012 Discussing Healthcare: Not Afraid to Fail (part 1 of 2)

John Shufeldt, MD, JD, MBA

John Shufeldt, MD, JD, MBA

John Shufeldt, MD, JD, MBA is a practicing Emergency Physician in Phoenix, AZ.  But, he has done much more than just practice medicine.  He has started successful businesses, graduated law school and obtained an MBA all while continuing to practice medicine.  What makes him successful? According to Dr. Shufeldt, he isn’t successful.  But, I disagree.  He has accomplished more than the average physician, attorney or business man has accomplished and he strives to do more.

Dr. Shufeldt sat down with me in his office to discuss his views on medicine and the things he has accomplished, including his new book “Ingredients of Outliers: A Recipe for Personal Achievement“.

Here are the places you can find Dr. Shufeldt:

Book Cover for Ingredients for Outliers



The Norovirus is suspected of infecting another cruise ship that pulled into port today in New Jersey.  Almost 700 of the 4200 people on board fell ill during the 10 day cruise.  But, this is not a new phenomenon.  Since 2010, 41 cruise ships have had confirmed cases of Norovirus, according to the CDC. So, why is this virus ravaging cruise ships? Well, the answer is that there is almost a perfect storm of events that occur.

First, the virus spreads easily between people that are in close contact.  Obviously, on a cruise you are in contact with the person or people you are traveling with on the ship.  But, you are also in close contact with the employees and other travelers.  Second, the virus is easily spread by contaminated food and water.  Think of a buffet.  Food is there for hours.  Employees and customers are reaching in the food constantly which leads to a perfect environment to spread the virus.  Once you are infected the symptoms will not occur for 12-48 hours.  During that time you can spread the infection by not washing your hands thoroughly and touching door handles, railings, faucets, etc.  You have unknowingly left a trail of virus around the ship for others to acquire.  Before you know it a large number of the people on board are sick and their vacations ruined.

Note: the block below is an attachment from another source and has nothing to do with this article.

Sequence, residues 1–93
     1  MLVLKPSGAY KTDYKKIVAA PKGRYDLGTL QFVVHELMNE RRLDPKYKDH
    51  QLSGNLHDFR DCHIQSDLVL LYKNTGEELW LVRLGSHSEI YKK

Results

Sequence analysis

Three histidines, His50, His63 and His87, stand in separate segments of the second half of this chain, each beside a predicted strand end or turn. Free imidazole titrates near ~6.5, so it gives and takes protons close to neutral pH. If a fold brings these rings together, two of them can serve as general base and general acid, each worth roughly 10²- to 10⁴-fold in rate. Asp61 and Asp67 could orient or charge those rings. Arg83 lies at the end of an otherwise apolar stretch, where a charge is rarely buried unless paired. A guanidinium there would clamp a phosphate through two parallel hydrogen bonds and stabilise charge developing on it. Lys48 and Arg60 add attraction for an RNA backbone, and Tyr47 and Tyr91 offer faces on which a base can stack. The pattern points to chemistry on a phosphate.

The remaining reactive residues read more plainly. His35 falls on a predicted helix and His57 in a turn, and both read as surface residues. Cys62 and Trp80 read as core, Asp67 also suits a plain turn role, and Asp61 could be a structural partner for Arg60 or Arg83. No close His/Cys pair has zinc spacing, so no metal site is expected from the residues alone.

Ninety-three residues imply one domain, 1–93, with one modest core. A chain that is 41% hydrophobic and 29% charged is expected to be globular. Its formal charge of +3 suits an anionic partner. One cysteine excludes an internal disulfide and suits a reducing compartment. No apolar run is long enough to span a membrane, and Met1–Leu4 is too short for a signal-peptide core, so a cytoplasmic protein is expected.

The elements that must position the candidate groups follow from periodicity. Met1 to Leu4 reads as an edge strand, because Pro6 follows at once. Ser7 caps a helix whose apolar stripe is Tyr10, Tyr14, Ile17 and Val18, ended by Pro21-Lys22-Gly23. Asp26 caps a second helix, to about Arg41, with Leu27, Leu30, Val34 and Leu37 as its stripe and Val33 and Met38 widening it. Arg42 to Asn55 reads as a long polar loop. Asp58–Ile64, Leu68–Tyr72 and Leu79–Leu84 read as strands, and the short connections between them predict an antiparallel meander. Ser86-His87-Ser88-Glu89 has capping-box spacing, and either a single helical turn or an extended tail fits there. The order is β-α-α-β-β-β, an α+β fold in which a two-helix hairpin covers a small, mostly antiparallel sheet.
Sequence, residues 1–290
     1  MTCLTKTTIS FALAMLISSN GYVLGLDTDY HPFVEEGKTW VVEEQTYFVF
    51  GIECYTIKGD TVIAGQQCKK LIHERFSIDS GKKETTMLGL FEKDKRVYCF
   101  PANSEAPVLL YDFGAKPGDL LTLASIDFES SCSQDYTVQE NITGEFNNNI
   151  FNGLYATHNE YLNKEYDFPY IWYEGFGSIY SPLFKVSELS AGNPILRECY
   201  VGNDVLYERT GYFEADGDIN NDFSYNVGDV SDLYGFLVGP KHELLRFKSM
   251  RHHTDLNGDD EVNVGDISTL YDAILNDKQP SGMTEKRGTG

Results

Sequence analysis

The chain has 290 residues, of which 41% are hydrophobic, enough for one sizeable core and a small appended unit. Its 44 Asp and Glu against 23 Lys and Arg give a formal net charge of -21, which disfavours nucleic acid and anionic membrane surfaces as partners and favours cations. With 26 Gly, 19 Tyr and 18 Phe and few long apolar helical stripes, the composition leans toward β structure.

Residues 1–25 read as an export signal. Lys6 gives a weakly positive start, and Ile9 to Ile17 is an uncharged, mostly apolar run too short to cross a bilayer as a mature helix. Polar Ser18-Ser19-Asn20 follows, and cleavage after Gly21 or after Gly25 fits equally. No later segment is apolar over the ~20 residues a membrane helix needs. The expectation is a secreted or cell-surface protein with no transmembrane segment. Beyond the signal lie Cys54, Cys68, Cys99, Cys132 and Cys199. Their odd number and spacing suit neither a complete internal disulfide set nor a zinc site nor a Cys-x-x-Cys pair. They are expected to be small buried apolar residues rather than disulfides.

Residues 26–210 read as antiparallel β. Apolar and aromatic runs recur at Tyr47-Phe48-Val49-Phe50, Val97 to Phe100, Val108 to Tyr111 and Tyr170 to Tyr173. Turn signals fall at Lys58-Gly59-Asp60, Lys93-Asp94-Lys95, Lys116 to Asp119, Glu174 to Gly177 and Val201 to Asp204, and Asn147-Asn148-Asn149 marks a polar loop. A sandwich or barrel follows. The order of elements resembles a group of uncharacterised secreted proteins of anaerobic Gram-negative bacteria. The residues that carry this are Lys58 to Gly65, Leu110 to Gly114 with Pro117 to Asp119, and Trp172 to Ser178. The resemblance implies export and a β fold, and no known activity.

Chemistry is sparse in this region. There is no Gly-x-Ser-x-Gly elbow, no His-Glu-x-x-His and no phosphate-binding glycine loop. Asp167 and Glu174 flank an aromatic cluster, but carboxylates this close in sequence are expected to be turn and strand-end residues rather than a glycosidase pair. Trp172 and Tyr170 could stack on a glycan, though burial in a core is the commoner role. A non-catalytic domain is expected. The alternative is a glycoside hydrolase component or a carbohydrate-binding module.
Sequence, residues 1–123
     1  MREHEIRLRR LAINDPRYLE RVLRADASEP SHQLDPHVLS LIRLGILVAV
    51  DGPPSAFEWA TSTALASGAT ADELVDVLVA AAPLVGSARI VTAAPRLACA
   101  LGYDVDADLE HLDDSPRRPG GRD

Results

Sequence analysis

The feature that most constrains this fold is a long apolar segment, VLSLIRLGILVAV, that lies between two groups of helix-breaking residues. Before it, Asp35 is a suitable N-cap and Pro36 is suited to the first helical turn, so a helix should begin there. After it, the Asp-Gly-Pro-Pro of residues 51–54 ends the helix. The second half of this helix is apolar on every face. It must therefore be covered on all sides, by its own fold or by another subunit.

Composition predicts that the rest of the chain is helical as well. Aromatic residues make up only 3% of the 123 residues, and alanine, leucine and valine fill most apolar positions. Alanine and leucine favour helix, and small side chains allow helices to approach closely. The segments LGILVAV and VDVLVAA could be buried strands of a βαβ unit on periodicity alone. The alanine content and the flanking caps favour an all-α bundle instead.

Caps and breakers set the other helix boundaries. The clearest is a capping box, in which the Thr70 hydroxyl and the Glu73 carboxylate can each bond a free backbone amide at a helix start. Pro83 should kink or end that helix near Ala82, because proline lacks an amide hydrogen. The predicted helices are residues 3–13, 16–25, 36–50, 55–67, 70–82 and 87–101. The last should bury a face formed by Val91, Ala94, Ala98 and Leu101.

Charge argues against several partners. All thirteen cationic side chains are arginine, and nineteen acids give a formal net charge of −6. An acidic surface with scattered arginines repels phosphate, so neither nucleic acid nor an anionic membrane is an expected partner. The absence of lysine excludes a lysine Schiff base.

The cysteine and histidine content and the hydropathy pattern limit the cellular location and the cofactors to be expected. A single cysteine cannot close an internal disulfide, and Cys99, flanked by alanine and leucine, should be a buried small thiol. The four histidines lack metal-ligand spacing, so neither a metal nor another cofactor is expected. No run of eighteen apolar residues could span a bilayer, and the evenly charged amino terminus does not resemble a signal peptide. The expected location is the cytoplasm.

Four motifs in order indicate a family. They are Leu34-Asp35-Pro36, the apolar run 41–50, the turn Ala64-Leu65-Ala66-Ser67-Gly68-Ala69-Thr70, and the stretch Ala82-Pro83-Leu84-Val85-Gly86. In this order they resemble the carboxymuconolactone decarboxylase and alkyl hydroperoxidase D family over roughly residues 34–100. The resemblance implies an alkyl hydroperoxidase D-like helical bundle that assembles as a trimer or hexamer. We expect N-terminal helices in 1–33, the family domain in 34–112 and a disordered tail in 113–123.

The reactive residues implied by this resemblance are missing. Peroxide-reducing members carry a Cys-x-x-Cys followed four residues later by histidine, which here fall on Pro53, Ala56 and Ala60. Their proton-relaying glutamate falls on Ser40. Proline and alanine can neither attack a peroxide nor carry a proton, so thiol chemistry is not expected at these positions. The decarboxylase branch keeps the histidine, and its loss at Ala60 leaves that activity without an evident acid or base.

Norovirus is generally not a deadly illness.  Like most illnesses it has the worst outcomes in the young (infants) and the elderly.  There are upwards of 800 deaths annually from Norovirus, but most people will get no symptoms or have vomiting, diarrhea and abdominal cramping.  Fever and bodyaches are also common.  Symptoms last 1-3 days and dehydration is the biggest concern.  Norovirus is the most common cause of foodborne illnesses every year and occurs more commonly on land than on a cruise ship.

So, if you go on a cruise make sure to practice good sanitation and wash your hands constantly.

Here are some links for additional information:

CDC – Norovirus

CDC – Cruise Ship Traveler info


About the Author

I am Joshua Lewis, MD, the creator of Discussing Healthcare, LLC and a board certified Emergency Physician who currently practices in the Phoenix, Arizona area. I hope you will gain meaningful insight into our healthcare system through the information provided by Discussing Healthcare. Thank you for your interest and I encourage you to contribute by calling, emailing, or leaving comments on the website.

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